FOLLOWING SUPREME COURT RULING
The Public School System is asking for an additional allotment of $3 million from the central government following the Supreme Court’s response to the question of what constitutes general revenue.
Moving forward after the Supreme Court ruling last Tuesday, Marylou Ada, former Board of Education chairwoman and current board member, said they are working on requesting the 25% that PSS is owed, starting off with an additional $3 million monthly allotment to reopen schools and to get back on track since the onslaught of Super Typhoon Yutu back in 2018.
“[The government] owes us for all the 25% but we want to really move forward and just get what we immediately need to open up the schools, repair, get the books, get the gas, and everything to get the schools running safely and in an environmentally-friendly environment. That’s our main concern,” she said.
Ada elaborated that the monthly allotment of $3 million would go to gas for student transportation, personnel salary, classroom repairs, and other operational costs. This would also allow PSS to retract the 50% salary cut that was implemented back in July 2019.
However, just because PSS is only asking for an additional $3 million now doesn’t mean that that’s it. Ada said they would revisit negotiations once the government is back on its feet and that PSS is owed more than just $3 million.
“Once everything is done, and everything has died down, then we can go back to the negotiating table and look at the figures and what they owe us because to immediately give them a bill saying, ‘You owe us this much,’ it’s going to collapse the government,” she said.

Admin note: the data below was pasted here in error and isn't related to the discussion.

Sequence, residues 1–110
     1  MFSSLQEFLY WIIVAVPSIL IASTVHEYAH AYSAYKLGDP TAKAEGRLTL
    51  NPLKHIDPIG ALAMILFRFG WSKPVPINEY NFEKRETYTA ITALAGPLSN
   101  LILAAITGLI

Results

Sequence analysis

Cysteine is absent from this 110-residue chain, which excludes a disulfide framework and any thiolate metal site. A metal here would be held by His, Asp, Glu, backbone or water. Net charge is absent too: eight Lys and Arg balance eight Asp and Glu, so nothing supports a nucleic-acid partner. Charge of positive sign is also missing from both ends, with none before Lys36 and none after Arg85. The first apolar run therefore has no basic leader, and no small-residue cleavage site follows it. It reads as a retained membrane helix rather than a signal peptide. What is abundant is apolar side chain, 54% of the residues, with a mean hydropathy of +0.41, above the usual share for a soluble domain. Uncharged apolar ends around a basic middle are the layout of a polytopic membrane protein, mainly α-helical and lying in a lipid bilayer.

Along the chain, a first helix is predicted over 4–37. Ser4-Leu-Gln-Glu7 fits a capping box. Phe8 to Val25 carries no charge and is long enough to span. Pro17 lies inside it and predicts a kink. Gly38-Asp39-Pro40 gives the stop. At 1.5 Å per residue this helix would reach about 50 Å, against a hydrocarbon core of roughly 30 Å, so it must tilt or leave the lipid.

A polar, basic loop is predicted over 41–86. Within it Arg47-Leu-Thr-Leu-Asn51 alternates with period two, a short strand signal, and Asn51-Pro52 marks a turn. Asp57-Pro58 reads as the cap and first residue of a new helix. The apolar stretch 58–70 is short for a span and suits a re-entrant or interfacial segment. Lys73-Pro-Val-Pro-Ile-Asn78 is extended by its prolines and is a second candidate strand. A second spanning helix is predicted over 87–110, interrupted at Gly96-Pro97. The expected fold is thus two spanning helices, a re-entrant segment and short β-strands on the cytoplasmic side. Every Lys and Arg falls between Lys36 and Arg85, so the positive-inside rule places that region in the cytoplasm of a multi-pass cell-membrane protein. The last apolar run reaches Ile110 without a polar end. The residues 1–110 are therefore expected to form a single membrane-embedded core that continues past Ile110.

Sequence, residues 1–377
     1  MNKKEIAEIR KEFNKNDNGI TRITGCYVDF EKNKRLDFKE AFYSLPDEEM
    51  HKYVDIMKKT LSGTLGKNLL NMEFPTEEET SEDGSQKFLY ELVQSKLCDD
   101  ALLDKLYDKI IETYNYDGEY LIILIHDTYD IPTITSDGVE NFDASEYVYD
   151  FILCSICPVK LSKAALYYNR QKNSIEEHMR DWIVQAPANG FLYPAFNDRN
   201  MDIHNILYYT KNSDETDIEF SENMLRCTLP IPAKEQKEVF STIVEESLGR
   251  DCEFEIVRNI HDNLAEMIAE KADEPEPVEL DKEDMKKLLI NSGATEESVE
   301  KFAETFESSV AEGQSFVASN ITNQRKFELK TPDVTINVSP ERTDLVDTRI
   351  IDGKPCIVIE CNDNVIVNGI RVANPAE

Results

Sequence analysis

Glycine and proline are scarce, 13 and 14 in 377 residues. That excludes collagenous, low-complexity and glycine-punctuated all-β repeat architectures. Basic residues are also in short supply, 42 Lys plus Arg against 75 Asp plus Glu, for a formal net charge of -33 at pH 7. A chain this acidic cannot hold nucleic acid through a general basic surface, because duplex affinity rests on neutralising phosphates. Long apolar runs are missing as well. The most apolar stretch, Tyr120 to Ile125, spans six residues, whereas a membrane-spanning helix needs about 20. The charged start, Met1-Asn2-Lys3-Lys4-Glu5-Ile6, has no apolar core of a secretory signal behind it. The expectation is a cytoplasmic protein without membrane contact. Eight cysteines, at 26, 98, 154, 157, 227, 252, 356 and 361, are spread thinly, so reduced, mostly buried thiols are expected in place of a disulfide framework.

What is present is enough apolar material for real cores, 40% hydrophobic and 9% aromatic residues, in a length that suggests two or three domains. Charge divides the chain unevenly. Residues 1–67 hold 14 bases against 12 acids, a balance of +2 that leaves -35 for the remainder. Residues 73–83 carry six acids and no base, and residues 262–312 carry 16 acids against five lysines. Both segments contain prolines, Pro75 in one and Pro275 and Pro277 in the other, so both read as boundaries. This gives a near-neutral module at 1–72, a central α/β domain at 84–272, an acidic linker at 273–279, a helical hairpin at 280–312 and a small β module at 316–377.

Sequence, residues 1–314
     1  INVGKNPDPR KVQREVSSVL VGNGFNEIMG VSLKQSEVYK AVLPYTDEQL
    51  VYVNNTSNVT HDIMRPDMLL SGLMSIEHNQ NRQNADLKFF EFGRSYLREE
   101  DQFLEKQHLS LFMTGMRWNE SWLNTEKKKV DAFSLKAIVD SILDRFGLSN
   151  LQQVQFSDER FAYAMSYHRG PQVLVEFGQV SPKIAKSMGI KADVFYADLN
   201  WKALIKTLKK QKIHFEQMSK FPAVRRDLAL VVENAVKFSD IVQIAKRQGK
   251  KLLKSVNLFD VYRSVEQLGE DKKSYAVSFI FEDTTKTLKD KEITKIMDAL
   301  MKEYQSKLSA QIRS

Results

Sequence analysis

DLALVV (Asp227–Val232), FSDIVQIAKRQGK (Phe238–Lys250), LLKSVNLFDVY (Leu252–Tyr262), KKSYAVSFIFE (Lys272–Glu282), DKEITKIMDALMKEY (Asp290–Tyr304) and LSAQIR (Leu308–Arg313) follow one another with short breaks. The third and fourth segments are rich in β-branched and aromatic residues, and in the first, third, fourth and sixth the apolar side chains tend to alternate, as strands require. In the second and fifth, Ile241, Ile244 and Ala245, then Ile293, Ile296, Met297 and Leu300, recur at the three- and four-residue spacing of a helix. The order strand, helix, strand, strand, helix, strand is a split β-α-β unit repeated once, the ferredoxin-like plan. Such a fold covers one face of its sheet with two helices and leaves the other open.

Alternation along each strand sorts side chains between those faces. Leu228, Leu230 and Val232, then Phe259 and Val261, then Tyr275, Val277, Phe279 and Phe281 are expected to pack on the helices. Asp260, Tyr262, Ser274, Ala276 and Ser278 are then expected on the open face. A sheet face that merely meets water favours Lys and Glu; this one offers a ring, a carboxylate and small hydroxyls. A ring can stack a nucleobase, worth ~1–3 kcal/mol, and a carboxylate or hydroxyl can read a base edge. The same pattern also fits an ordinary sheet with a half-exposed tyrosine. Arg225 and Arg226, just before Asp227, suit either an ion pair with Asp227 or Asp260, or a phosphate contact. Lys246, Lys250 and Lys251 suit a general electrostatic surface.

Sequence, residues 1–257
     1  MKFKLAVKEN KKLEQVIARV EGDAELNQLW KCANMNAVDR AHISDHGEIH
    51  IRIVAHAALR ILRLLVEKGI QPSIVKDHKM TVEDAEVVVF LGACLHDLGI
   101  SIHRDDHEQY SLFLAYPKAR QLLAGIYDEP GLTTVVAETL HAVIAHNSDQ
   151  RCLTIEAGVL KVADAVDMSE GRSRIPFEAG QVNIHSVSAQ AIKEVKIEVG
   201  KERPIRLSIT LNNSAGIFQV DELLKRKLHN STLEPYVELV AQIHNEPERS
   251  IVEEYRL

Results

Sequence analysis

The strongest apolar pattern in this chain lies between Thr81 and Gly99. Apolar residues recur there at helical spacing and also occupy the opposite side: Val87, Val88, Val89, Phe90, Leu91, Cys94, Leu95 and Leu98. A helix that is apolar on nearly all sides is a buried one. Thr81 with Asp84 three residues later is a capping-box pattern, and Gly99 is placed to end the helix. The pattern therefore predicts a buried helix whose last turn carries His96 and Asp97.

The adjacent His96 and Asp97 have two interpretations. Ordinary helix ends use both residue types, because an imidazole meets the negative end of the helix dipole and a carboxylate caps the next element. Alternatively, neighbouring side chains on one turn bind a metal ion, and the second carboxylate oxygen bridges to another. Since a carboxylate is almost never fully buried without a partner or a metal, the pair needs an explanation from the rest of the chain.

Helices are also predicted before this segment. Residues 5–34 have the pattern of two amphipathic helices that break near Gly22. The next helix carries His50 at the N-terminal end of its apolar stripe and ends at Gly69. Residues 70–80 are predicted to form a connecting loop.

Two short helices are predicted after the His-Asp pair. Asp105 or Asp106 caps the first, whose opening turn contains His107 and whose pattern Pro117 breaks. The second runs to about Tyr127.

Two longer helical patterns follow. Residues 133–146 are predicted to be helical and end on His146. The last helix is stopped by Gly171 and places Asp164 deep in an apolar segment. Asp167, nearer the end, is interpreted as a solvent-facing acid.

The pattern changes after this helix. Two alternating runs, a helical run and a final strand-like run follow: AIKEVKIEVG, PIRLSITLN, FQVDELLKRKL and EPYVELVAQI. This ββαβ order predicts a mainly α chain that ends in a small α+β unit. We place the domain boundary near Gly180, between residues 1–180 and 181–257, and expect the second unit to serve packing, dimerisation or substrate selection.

Ada said the BOE wants to work with the government by working out a way for PSS to get what it is owed without the government having to reduce the budget for other government entities.
“We don’t want to be greedy. We know that the case is on our side, but our main concern now…is to really get back to the schools and give the teachers the needed raise, give back what’s due to them, and to really become functional [again] like we were four years ago,” she said.
Ada said PSS is in dire need of the additional $3 million because they are operating at a bare minimum and PSS is barely staying afloat.
“The cost of running the schools have increased, but our allotments have not increased; it has decreased, so we’re really running on bare minimum. That was the whole essence of trying to get the rightful budget and that’s why we went and got a constitutional amendment to guarantee 25% to PSS because we cannot continue to go there and continue to beg for money,” she said.